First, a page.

Briefly I’d like touch upon the differences between AC and DC circuit breakers and the optional number of poles in your selected breaker. Seeing as Marshall Wolf primarily receives requests for AC circuit breakers I’ll use them as the standard in this blog; but it is important to mention that this is a detail you won’t want to skip. We know a circuit breaker’s primary function is to detect and trip when too much current (amps) is flowing through the circuit in order to protect the wiring from overheating. During the act of disconnecting, the internal contacts separate and an arc is formed as the current jumps across the air gap. (You have seen this happen on a smaller scale with a static electric shock.) If this arc continues to jump the air gap, the current will continue to flow through the circuit, defeating the purpose of the breaker. This arc must be extinguished. The AC and DC breakers extinguish this arc differently making AC and DC breakers not interchangeable.
Pole options are pretty self-explanatory; your application will determine how many poles you’ll need on your breaker. Marshall Wolf Automation is a certified distributor of circuit breakers ranging from 1-pole to 4-poles depending on brand and series.
Marshall Wolf Automation carries breakers using Trip Characteristics; B, C, and D curves. For the sake of this blog I will only be covering these three trip-curve options due to their popularity but it is worth mentioning circuit breakers can also include Z or K curves. The easiest way to describe trip characteristics is to think of them as the thresholds in which the breaker will trip and will need to reset. Generally, the higher the current spike, the faster the breaker will trip.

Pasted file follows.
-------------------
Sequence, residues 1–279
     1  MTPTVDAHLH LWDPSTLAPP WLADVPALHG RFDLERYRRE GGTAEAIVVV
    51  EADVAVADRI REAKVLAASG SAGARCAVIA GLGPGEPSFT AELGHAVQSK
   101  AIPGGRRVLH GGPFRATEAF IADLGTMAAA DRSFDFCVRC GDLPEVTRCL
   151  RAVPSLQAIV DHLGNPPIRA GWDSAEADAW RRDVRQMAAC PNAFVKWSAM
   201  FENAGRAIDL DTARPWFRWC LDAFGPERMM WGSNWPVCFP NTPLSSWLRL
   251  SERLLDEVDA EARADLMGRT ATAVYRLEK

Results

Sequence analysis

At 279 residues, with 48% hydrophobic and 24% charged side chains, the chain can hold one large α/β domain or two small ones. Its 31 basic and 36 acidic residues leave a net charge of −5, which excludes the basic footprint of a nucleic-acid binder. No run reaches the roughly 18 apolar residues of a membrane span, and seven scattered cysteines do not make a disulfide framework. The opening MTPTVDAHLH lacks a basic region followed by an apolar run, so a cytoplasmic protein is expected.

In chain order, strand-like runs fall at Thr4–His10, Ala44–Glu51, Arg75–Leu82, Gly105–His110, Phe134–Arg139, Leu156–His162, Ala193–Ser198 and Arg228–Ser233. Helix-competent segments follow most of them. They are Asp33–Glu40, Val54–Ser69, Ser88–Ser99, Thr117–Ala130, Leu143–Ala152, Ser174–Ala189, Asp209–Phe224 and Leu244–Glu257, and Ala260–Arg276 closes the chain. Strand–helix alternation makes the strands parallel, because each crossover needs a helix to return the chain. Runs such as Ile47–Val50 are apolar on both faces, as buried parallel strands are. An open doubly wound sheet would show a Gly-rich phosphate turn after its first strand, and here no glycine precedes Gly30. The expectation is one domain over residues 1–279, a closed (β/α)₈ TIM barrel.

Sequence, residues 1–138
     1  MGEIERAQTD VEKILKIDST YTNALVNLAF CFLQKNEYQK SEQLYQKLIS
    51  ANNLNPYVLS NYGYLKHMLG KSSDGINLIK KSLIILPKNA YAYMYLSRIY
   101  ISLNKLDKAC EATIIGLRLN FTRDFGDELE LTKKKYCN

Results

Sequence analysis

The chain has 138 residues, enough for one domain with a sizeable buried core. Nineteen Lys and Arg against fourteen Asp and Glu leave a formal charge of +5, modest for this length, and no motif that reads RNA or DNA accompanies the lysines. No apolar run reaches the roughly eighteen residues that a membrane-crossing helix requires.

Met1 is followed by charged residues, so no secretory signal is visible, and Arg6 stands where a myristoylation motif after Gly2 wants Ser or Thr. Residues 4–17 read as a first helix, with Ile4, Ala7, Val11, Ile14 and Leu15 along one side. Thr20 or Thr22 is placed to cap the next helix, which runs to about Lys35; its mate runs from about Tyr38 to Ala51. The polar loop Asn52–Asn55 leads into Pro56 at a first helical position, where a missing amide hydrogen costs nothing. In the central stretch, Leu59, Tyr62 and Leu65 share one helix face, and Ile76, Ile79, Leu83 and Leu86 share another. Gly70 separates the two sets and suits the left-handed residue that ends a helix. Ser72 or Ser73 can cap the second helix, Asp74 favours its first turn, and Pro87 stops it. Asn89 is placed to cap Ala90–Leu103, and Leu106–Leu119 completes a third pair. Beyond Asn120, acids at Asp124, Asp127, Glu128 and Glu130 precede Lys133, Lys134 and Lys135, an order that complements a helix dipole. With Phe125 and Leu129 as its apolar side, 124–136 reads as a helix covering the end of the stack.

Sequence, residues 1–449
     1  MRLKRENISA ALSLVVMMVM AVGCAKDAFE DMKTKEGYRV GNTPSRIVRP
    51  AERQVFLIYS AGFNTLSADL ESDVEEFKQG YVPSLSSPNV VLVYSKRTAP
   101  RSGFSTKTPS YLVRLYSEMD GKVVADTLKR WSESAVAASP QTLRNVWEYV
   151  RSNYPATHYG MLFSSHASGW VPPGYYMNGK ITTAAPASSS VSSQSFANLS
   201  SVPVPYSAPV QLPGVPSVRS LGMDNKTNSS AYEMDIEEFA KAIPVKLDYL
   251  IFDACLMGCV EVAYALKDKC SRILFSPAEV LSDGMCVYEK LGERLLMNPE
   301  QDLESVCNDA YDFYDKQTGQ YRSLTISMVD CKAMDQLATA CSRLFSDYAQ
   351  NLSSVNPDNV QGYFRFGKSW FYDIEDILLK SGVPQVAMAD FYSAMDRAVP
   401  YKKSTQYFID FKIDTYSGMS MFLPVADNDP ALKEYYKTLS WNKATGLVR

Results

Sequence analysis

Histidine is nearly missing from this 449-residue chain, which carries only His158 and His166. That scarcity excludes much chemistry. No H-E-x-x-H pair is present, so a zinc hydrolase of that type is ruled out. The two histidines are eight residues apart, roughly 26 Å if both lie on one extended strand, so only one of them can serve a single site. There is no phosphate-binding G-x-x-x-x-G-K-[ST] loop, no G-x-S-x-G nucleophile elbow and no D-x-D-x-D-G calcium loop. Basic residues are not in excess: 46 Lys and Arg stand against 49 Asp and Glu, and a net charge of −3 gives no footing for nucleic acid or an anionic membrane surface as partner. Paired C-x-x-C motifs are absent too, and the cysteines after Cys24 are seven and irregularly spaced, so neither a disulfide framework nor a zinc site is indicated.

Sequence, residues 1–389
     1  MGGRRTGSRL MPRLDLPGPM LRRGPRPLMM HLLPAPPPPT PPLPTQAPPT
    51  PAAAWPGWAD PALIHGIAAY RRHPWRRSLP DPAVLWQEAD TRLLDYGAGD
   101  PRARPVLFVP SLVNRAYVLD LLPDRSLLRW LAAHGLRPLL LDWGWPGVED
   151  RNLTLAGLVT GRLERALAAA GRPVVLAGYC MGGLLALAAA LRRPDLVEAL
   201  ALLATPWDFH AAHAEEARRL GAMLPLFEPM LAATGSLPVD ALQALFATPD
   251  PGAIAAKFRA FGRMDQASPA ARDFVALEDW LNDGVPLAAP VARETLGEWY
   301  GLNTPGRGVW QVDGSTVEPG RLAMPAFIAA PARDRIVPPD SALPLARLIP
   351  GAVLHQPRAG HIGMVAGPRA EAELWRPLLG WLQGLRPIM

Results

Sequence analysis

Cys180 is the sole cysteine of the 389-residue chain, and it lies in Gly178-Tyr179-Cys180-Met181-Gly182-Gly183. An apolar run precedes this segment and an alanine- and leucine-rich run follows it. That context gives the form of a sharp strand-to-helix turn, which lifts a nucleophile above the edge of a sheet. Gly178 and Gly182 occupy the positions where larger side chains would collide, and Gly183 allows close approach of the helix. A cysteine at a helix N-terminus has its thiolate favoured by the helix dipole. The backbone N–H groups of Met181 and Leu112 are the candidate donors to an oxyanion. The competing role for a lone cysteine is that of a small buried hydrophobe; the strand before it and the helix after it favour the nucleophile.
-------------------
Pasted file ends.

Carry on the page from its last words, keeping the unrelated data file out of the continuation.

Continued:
- B-Trip Protectors: Type B trips between 3 and 5 time full load current. These devices are
commonly used in domestic systems and light commercial applications where surges are low, for instance where inrush currents may come from a small number of fluorescent fittings. Relatively long thermal trip delay and but low magnetic trip point. – See all of Marshall Wolf’s B-Trip Protector Circuit Breakers here!
- C-Trip Protectors: Type C trips between 5 and 10 times full load current Type C MCBs are most suitable for commercial and industrial use, where there are motors and perhaps a high number of fluorescent fittings which, when switched off together may cause a high inrush current. Relatively long thermal trip delay and medium magnetic trip point. – See all of Marshall Wolf’s C-Trip Protector Circuit Breakers here!
- D-Trip Protectors: Type D trips between 10 and 20 times full load current. Type D units are for more specialist industrial use, where current inrushes can be high, for example with X–ray machines, pumping motors and transformers. They may require a lower earth loop impedance (Zs) to achieve the operating times required. Relatively long thermal trip delay and very high magnetic trip point. – See all of Marshall Wolf’s D-Trip Protector Circuit Breakers here!
Lastly, I would like to bring up accessories. Similar to contactors, our circuit breakers come with an array of accessory options based on your application needs. Depending on if you’re installing multiple breakers and are in need of busbars or have an emergency back-up system requiring a shunt our tech support can assist in finding the right accessory to further improve your circuit breaker’s efficiency and life span.
Now that we have a better idea of what to look for in circuit breaker, visit Marshall Wolf’s selection of UL Certified circuit breakers or if you have questions feel free to contact us today on our website at www.wolfautomation.com or email us at email@example.com or call us at 847-658-8130.